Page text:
Network: Casting the Net wide

AOL introduced the Internet to millions of users. But now it has to diversify.

THERE MAY be no such thing as a free lunch. But there are such things as free Internet service providers, as British consumers have found out over the past few months; and now there are free computers, as well.

Both are being mulled over by AOL, the world's largest Internet service provider. It is keenly aware that its massive and expanding subscriber base is its greatest asset; that to attract more customers requires increasing ingenuity and investment; and that the word "free" goes down pretty well with consumers.

AOL, for many people, is the Internet. "You've got mail" is an instantly recognisable line that made its way into a film title; the company positioned itself as the Great Provider for the vast mass of people who were venturing on to the Net for the first time, and most of them stayed. But Dixon's FreeServe has knocked the stuffing out of other ISPs in Britain, attracting perhaps 1.3 million registered users, while AOL has 600,000. In short, it got left behind.

The company's Virginia headquarters confirms that AOL is looking at the idea of following suit, perhaps introducing a service under the name of one of its other brands - maybe Netscape, the browser company which AOL owns, or ICQ, its web-based messaging service. It might even do a deal with a telecoms company to offer cheap calls, thereby providing what some officials call "more than free". Nothing will happen for some months, but the company is working on it.

In the US, AOL has done a deal with eMachines, a maker of cheap (under $600) computers, to offer new subscribers to its CompuServe Net service a rebate of up to $400 on a new computer. Some eMachines models go for $400, so effectively you get the computer free. "AOL and CompuServe 2000 software will be integrated into all eMachines personal computers, and will be accessible through icons prominently featured on the eMachines desktop," says the company. You have to sign up for three years - an eternity in Net terms - but it's not a bad deal.

The slogan of "AOL everywhere" is also being boosted by a deal with 3Com, manufacturers of the Palm Pilot, to allow the hand-held devices to send and receive mail via AOL accounts. AOL is also working on ways of keeping people logged on as long as possible. So AOL 5.0, the new version of the company's software that will be put into beta testing soon, has all the latest bells and whistles: a calendar, a new search engine, and a gizmo that detects whether the user has a high-speed connection and reacts accordingly. It also has "You've Got Pictures", developed in partnership with Eastman Kodak, which enables users to share and swap pictures. Drop your negatives off, and you get them back via AOL as digital pictures.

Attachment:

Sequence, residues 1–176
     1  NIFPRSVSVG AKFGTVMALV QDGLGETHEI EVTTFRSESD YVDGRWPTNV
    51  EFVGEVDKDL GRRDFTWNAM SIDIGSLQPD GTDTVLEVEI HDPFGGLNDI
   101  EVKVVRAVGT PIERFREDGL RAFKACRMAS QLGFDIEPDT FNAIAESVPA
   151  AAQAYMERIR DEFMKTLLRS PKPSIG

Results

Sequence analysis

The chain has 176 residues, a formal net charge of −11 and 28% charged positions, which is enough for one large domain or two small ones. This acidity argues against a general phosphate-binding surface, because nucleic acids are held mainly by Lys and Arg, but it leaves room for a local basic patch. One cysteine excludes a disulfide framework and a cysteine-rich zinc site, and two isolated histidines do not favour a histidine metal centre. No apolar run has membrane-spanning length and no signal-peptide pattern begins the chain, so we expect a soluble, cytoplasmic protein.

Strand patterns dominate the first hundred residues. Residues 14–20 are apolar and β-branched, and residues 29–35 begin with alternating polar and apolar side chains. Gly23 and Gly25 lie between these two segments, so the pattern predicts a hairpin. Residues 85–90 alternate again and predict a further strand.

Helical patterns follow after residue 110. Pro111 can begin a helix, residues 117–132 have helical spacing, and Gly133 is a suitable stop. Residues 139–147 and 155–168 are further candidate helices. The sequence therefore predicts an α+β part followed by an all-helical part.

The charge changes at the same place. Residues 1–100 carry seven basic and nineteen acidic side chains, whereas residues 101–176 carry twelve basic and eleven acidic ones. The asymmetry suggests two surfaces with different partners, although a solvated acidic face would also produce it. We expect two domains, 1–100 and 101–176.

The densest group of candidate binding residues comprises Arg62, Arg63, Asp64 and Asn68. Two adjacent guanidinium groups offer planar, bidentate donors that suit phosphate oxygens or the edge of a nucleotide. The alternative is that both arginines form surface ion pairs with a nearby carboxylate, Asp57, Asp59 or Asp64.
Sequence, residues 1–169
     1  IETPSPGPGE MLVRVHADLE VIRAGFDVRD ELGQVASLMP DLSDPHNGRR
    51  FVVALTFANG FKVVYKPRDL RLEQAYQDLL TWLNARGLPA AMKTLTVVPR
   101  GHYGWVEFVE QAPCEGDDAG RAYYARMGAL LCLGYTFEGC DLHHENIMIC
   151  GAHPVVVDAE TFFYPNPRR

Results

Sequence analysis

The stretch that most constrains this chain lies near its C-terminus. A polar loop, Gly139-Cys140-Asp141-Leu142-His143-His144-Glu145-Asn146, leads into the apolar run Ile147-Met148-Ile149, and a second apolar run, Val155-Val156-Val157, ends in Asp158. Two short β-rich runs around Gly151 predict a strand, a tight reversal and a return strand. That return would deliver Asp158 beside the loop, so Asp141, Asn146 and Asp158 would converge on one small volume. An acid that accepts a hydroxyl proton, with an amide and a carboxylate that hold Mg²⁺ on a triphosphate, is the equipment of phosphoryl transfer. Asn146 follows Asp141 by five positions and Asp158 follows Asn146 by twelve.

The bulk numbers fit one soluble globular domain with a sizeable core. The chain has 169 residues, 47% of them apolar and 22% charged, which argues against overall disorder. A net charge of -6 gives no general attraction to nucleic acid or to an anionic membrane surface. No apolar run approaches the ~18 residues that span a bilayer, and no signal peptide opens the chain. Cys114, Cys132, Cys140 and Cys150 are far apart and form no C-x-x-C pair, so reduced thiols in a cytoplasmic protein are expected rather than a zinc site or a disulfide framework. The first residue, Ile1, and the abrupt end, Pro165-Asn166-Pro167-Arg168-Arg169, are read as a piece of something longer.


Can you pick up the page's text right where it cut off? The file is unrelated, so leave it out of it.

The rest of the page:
But it is the free PCs which have won the most attention. For many people, getting on to the Net is the main (if not the only) reason to buy. Gateway and Compaq have bundled Internet services with their machines for some time; now, the computers are being bundled with the Internet service. Circuit City and Best Buy, two leading US retailers, are both offering rebates that make the machines essentially free; Best Buy has a tie-up with Prodigy. And Microsoft offers $400 credits with PCs bought at the office equipment shop Staples.

To some extent, AOL is shifting into hardware, though the company prefers not to harp on this: it wants and needs good relations with the manufacturers. More to the point, "AOL everywhere" is not just a slogan for growth: it is a means of survival. AOL's advantage so far has been its ease of access to the Net, its ability to promise a smooth entry into a world that seems forbidding for most users. Its service could reach 30 million subscribers by 2002 from about 16 million members now, and it has also expanded in Asia, Europe and Latin America: it bought a 10 per cent stake in China.com, the Chinese portal, and plans to launch in Hong Kong later this year.

In the US market, it faces intense competition in the race to dominate broadband. AT&T, now set to be the largest cable operator in the US, has teamed up with Microsoft, both of which have their own Internet access arms. AOL will begin testing broadband access via digital subscriber line (DSL), a telephone technology, this year. Last month it invested $1.5bn into Hughes Electronics for ventures with its DirecTV and Hughes Networks Services arms.

But is the company positioning itself for future growth or reacting after the event? As recently as March last year, AOL's chief executive, Steve Case, said that broadband "will happen, but it's nowhere close. If you keep an eye on Main Street, not Silicon Valley, it pays off... Thou shalt not launch before the market is ready."

However, AOL has been written off by the technology press many times, only to show its resilience as a brand, as a product and as a company.

Have you tried new the Independent Digital Edition apps?
Arts and Entertainment

ebooksNow available in paperback
Arts and Entertainment

ebooks
Arts and Entertainment

film
Arts and Entertainment
Chvrches lead singer Lauren Mayberry in the band's new video 'Leave a Trace'

music
Arts and Entertainment

music
Arts and Entertainment
Home on the raunch: George Bisset (Aneurin Barnard), Lady Seymour Worsley (Natalie Dormer) and Richard Worsley (Shaun Evans)

TV review
Arts and Entertainment

TV
Arts and Entertainment
Strictly Come Dancing was watched by 6.9m viewers